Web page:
Newseum Institute > What if other students try to prevent distribution of student publications that they find offensive?
Many college campuses continue to deal with the problem of students’ confiscating newspapers to prevent the circulation of stories or ideas that they find offensive. Every year, cases are reported where entire runs of a publication are stolen, depriving the campus of the opportunity to even consider what was published. Unfortunately, very few of these instances have resulted in meaningful punishment of the offenders.
The problem in punishing those who steal papers is twofold. From the legal perspective, it is difficult to successfully prosecute the perpetrators for theft, as the newspapers are distributed free to whoever chooses to pick one (or 1,000) up. Prosecutors in a handful of cases have used charges of criminal mischief and vandalism, in addition to the more conventional theft charges, to secure punishment for those responsible for stealing papers. But the vast majority of such incidents go unheard by courts of law. Some universities have been accused of downplaying the importance of mass newspaper thefts out of fear of further offending various groups.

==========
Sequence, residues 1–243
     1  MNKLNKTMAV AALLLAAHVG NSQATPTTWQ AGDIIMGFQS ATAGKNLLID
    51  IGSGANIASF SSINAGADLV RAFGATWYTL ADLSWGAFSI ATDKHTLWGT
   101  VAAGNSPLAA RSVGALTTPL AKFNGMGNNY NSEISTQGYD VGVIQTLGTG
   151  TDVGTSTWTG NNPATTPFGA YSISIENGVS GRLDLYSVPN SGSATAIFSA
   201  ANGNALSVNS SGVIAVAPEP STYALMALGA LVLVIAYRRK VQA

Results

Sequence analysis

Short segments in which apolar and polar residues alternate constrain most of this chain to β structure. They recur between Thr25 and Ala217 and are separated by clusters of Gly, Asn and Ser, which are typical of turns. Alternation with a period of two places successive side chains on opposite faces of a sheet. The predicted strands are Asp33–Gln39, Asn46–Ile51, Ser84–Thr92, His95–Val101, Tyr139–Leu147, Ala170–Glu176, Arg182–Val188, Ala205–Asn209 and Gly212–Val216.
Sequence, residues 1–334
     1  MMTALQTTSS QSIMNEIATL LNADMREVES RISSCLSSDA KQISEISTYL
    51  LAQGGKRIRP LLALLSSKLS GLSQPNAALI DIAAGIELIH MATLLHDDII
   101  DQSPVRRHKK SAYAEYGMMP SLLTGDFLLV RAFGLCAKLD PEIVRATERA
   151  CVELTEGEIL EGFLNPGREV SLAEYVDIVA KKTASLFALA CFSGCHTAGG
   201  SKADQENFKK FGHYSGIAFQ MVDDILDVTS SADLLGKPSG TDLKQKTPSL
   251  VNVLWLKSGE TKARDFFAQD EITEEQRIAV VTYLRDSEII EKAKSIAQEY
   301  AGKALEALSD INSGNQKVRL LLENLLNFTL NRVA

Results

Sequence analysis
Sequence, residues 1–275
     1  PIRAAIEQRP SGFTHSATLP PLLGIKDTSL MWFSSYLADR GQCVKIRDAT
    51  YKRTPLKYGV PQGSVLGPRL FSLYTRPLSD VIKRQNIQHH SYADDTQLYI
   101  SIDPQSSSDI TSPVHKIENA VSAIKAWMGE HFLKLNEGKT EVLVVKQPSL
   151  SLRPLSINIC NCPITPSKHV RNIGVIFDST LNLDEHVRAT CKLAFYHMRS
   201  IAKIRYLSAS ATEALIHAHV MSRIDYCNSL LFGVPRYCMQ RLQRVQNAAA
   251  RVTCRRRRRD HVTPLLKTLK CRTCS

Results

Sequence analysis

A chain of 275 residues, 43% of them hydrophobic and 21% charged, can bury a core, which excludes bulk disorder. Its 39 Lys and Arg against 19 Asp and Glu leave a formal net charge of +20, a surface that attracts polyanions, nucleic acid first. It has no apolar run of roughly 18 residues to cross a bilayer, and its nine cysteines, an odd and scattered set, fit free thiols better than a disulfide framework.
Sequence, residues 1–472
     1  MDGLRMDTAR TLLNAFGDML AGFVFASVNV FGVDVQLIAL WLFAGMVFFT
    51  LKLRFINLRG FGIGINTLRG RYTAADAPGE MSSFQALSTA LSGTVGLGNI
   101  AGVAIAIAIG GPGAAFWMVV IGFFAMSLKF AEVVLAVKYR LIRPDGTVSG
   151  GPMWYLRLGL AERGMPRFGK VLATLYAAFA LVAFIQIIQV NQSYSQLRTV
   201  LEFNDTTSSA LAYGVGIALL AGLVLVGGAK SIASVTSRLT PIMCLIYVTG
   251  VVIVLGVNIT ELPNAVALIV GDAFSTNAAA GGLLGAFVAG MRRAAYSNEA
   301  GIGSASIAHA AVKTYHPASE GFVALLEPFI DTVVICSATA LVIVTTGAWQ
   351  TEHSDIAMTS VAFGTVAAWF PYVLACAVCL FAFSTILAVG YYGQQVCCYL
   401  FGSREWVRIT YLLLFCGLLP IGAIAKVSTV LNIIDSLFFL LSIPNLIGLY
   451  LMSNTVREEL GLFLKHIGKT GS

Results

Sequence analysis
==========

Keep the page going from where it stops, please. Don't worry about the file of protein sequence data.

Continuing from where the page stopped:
Category: Freedom of Speech